The Step into Health initiative

As part of its ongoing recruitment drive, the NHS has consistently recognised the opportunity of bringing more ex-Military personnel into its staff team. And, with NHS vacancies around the UK on the rise, it’s certainly a career change worth considering for former Service personnel with the right training or transferable skills.

According to NHS Employers, which acts on behalf of NHS trusts in England and Wales, there are currently around one million working-age Veterans living in the UK, with an estimated 16,000 additional men and women leaving the Armed Forces every year. To the 241 NHS trusts around the country, the team ethic, leadership, personal and professional transferable skills that Forces veterans can offer could be invaluable in bringing the health service’s recruitment back on track.

The Step into Health campaign aims to help the NHS maximise on the experience
of ex-Service personnel to fill medical as well as nonmedical support roles. A joint initiative with The Royal Foundation and Walking with The Wounded, Step into Health provides ex-members of the Forces with career guidance and opportunities within the NHS, including open days, work placements and apprenticeships.

Transferable skills

Although almost half of the 100,000 NHS vacancies are within medical, nursing and midwifery, there are also shortfalls in associated health professions, including
occupational therapists, healthcare scientists and paramedics as well as in non-medical roles such as IT, estates and clinical coding, to name just a few.

While the most obvious route to a career within the NHS is to use relevant medical experience or training from your time in the Military, there’s also plenty of opportunity to retrain.

Is a career in the NHS for you?

A second career in the NHS can offer a rewarding new role, with the opportunity for further training and career progression. Step into Health can help you take that first important step to a new career in the health service, visit:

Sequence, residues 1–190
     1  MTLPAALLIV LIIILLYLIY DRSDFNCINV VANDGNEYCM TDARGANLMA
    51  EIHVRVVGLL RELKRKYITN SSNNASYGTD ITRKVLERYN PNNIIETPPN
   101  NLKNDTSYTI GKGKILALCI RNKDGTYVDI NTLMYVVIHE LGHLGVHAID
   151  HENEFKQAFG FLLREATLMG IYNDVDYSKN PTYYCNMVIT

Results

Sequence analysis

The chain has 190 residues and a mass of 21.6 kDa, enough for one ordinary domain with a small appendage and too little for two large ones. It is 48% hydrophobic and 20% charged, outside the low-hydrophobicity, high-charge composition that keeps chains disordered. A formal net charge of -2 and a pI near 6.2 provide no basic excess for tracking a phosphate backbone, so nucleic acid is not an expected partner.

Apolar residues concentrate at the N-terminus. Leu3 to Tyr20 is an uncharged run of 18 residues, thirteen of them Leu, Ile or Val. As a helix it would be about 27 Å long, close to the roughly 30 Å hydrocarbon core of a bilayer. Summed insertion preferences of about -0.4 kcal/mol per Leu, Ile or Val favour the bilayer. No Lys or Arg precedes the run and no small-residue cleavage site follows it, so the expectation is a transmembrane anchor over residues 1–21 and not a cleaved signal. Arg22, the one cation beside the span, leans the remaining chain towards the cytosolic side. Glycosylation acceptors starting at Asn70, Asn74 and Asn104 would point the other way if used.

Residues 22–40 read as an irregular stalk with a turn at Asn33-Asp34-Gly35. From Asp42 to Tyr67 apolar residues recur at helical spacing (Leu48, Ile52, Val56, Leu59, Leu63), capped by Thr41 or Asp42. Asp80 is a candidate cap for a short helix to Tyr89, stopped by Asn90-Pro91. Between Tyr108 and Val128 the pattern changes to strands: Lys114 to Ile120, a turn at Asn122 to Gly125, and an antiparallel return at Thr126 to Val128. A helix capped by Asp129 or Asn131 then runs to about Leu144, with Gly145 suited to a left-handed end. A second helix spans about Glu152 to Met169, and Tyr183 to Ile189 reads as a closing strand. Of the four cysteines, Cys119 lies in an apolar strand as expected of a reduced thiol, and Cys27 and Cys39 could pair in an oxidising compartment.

Career opportunities

Here’s the lowdown on just a few of the NHS career opportunities open to ex-Service personnel:


The majority of nurses – civilian or military – need to complete a degree in nursing to obtain their Registered Nurse (RN) qualification. Apprenticeships are also available.

Minimum entry requirements: A Levels or accreditation of prior learning.
Pay – RNs earn an average of £23,662 rising to around £36,000 per year.


You can work towards becoming a paramedic via a degree or working up to the role as a trainee technician.

Minimum entry requirements: A Levels for the university course.
Pay – newly qualified paramedics start at around £23,000p.a, rising to £36,500 with experience.

Information analyst

You work at your local NHS hospital, researching facts and figures to check national healthcare standards are being met in your area.

Minimum entry requirements: GCSEs or relevant training/experience.
Pay – average salary of £21-26,000 p.a.

For more information on the full range NHS careers, visit: